A. The Company will pay on behalf of any INSURED those sums in excess of the deductible which any INSURED becomes legally obligated to pay as DAMAGES as a result of CLAIMS first made against any INSURED, and reported to the Company during the POLICY PERIOD, any continuous renewal of this policy, or during any Extended Reporting Period; when reported in accordance with Conditions I.A. of the policy. The CLAIM must arise by reason of an act, error, omission or PERSONAL INJURY occurring on or after the RETROACTIVE DATE, if any. Coverage shall apply to any such CLAIMS arising out of services rendered or which should have been rendered by any INSURED, and arising out of the conduct of the INSURED'S profession as a lawyer. . . . (emphasis added).
The "Retroactive Date" is defined in the policy as:
the date, if specified in the Declarations or in any endorsement attached hereto, on or after which any act, error, omission or PERSONAL INJURY must have occurred in order for CLAIMS arising therefrom to be covered under this policy. CLAIMS arising from any act, error, omission or PERSONAL INJURY occurring prior to this date are not covered by this policy.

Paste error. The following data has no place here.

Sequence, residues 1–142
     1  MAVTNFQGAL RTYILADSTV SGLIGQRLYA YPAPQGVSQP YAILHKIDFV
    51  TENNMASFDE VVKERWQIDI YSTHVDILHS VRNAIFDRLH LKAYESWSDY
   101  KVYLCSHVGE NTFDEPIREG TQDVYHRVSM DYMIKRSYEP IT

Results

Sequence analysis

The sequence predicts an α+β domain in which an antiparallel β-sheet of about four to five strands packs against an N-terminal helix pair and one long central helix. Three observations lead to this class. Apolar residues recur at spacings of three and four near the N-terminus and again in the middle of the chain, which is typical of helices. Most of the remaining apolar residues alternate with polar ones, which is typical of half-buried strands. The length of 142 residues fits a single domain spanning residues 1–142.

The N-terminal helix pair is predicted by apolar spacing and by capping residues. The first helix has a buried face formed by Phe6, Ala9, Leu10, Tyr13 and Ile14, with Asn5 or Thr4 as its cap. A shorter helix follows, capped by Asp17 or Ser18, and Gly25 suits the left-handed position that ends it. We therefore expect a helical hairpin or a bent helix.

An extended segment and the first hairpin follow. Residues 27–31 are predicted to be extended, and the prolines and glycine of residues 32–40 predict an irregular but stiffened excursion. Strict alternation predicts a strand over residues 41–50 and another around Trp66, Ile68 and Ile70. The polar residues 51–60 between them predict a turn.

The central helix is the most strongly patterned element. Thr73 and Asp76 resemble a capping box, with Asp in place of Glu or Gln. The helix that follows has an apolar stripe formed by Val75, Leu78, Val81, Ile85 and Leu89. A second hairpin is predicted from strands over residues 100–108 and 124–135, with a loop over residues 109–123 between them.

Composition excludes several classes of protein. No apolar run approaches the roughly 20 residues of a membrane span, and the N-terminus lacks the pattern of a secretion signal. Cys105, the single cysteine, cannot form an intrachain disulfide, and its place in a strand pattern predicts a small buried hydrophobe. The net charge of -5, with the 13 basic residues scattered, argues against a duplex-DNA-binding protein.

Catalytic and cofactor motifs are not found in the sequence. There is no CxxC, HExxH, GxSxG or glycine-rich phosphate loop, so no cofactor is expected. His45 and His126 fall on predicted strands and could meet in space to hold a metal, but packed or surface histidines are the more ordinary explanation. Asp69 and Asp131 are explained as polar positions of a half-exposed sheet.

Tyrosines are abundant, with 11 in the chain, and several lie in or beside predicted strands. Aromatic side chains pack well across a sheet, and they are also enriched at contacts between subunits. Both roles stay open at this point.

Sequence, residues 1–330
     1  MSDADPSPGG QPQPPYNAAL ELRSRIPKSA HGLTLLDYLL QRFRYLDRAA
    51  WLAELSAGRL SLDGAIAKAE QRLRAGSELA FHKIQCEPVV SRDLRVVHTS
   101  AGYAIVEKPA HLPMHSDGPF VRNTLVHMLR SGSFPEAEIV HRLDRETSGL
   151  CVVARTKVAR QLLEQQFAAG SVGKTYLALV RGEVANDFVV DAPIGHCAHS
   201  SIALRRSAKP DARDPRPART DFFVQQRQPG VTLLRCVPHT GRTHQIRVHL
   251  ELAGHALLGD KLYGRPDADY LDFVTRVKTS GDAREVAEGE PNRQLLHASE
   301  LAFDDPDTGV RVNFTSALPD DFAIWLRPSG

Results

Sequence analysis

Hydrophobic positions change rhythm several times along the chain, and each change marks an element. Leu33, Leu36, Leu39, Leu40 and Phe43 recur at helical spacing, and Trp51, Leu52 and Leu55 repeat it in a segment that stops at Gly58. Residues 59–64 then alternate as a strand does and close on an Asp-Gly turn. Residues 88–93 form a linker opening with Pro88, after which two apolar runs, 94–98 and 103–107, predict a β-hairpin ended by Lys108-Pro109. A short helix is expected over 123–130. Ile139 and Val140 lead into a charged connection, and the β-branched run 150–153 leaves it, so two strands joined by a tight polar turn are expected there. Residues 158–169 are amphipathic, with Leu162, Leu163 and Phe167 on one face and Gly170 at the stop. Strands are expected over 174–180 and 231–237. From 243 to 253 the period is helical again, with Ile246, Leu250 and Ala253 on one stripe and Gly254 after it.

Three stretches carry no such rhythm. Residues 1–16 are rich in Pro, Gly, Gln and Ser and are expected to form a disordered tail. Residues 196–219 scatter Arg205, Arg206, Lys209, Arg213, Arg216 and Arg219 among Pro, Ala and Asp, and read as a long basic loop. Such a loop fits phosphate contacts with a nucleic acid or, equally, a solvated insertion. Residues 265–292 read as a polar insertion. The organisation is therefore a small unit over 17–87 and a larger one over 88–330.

The Retroactive Date is specified in Item F on the policy's Declaration page as August 6, 1996.
Standard for Summary Judgment
Summary judgment is appropriate where there are no genuine issues of material fact and the movant is entitled to judgment as a matter of law. See Fed.R.Civ.P. 56(c); Anderson v. Liberty Lobby, Inc., 477 U.S. 242, 247-50, 106 S.Ct. 2505, 91 L.Ed.2d 202 (1986). A genuine issue for trial exists if, based on the record as a whole, a reasonable jury could find in favor of the non-movant. See Liberty Lobby, 477 U.S. at 248, 106 S.Ct. 2505. In making its determination, the court must resolve all ambiguities and draw all reasonable inferences in favor of the non-movant. See id. at 255, 106 S.Ct. 2505. To defeat summary judgment, the non-moving party must go beyond the pleadings and "must do more than simply show that there is some metaphysical doubt as to the material facts." Matsushita Elec. Indus. Co. v. Zenith Radio Corp., 475 U.S. 574, 586, 106 S.Ct. 1348, 89 L.Ed.2d 538 (1986).